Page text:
Interesting question raised regarding the serviceability of the guns. Old Tom points out that average life for the barrel was 7,000 rounds for a gun, 10,000 rounds for a howitzer. The ammo preparation for the Somme for the field guns was 1,000 rounds, the bombardment planned for 4 days, then extended to 6 days. At that rate of fire guns would have needed a new barrel per month.
On 23/12/2010 at 00:51, Old Tom said:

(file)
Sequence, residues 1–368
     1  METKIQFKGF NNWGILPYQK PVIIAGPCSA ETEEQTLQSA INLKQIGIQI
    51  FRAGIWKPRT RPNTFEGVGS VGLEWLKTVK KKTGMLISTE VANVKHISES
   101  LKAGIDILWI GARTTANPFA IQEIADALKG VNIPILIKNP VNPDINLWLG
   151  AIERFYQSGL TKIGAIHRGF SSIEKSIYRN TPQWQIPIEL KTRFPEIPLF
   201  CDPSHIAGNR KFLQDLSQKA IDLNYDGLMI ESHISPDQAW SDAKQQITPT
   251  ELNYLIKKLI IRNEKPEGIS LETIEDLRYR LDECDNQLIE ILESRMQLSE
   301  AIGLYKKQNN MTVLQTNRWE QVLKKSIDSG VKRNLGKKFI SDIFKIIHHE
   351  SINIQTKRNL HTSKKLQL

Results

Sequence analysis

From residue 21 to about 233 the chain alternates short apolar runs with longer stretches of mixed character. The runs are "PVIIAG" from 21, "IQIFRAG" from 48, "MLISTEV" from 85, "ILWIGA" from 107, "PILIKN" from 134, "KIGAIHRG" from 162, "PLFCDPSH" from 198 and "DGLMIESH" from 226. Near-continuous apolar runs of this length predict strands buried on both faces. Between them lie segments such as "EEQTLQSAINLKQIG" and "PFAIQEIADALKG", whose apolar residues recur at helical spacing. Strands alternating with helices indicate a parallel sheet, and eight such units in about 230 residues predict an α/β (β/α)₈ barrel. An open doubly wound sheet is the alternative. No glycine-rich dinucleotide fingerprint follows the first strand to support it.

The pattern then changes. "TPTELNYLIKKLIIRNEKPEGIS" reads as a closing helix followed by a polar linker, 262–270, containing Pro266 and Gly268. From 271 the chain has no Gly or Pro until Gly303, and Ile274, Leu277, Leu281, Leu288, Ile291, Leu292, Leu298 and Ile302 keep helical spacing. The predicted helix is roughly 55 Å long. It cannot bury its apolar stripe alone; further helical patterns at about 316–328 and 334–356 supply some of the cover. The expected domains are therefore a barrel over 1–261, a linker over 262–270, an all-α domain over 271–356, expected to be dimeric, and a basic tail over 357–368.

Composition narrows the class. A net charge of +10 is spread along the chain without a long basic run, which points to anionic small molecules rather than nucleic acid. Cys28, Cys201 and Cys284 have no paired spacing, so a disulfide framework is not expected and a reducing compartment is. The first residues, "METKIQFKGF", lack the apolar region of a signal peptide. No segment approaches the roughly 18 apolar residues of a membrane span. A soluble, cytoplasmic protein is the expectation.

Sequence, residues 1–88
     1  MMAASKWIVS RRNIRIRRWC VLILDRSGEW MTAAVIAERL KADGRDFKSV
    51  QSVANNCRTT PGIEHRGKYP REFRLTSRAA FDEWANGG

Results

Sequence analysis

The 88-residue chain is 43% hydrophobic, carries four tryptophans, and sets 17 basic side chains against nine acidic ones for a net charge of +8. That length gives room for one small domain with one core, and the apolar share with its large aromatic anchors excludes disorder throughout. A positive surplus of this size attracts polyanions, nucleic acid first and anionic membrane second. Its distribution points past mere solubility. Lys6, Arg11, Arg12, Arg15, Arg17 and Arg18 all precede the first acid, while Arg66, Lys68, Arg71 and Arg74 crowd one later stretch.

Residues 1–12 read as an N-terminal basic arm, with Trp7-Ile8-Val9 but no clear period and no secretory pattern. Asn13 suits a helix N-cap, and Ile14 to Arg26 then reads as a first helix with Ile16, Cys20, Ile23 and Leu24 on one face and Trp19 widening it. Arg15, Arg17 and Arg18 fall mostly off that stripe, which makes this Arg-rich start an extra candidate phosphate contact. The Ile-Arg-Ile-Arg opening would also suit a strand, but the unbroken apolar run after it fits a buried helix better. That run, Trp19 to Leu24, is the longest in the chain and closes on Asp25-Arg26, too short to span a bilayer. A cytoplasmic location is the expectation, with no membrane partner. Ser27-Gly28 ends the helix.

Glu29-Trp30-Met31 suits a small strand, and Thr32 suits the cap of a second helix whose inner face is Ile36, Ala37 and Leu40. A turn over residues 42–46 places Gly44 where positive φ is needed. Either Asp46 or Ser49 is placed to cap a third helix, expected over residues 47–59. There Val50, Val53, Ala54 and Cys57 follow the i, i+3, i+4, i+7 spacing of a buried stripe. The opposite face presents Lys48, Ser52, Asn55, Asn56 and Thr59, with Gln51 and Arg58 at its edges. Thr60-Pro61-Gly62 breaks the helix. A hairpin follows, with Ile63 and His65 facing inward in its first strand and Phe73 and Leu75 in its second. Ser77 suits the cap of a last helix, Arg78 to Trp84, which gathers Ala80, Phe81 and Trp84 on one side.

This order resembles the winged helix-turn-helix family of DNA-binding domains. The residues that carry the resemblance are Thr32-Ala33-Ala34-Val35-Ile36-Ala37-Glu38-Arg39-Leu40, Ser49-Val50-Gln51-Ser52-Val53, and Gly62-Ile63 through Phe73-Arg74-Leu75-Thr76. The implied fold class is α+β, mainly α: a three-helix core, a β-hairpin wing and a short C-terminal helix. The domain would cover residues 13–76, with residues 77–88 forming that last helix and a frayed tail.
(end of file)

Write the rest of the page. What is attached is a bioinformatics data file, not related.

In addition to the points Centurion has made it should be remembered that an artillery equipment comprises broadly the gun (or ordnance), the recoil system, and the carriage. The ordnance wore and its condition was monitored as a result of firing, barrel life varied howitzers having, in general a longer life than guns, typical values were of the order howitzers 10,000 rounds, guns 7,000 rounds. Recoil systems suffered if not properly maintained; hydraulic buffers leaked and if not replenished allowed excessive recoil causing damage and deterioration of springs. Much of this was repairable by Ordnance workshops. At one stage the workshops of 4th Army were changing 200 sets of springs per day. Carriages could be damaged by enemy fire. Over a 6 week period the workshops of 4th Army repaired some 1,600 field guns and howitzers and declared several hundred beyond repair. Over the period equipments were firing an average of 2 to 4,000 rounds per equipment.